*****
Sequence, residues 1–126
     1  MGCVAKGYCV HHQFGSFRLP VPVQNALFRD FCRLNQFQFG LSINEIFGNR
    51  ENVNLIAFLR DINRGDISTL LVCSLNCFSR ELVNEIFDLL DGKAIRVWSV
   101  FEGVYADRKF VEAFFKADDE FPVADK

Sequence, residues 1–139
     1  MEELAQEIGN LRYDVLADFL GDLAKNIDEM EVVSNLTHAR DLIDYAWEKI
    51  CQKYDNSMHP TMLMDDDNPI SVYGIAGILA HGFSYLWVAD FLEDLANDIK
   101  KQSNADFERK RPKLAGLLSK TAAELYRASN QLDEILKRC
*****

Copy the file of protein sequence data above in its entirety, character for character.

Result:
Sequence, residues 1–126
     1  MGCVAKGYCV HHQFGSFRLP VPVQNALFRD FCRLNQFQFG LSINEIFGNR
    51  ENVNLIAFLR DINRGDISTL LVCSLNCFSR ELVNEIFDLL DGKAIRVWSV
   101  FEGVYADRKF VEAFFKADDE FPVADK

Sequence, residues 1–139
     1  MEELAQEIGN LRYDVLADFL GDLAKNIDEM EVVSNLTHAR DLIDYAWEKI
    51  CQKYDNSMHP TMLMDDDNPI SVYGIAGILA HGFSYLWVAD FLEDLANDIK
   101  KQSNADFERK RPKLAGLLSK TAAELYRASN QLDEILKRC